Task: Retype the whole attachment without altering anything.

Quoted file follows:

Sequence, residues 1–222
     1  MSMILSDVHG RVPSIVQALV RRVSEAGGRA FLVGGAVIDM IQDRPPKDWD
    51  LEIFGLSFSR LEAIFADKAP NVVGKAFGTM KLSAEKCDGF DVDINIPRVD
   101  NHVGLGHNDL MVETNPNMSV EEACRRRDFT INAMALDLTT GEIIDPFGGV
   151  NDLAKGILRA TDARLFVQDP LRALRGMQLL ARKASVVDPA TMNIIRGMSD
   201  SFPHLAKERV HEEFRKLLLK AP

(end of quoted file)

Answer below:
Sequence, residues 1–222
     1  MSMILSDVHG RVPSIVQALV RRVSEAGGRA FLVGGAVIDM IQDRPPKDWD
    51  LEIFGLSFSR LEAIFADKAP NVVGKAFGTM KLSAEKCDGF DVDINIPRVD
   101  NHVGLGHNDL MVETNPNMSV EEACRRRDFT INAMALDLTT GEIIDPFGGV
   151  NDLAKGILRA TDARLFVQDP LRALRGMQLL ARKASVVDPA TMNIIRGMSD
   201  SFPHLAKERV HEEFRKLLLK AP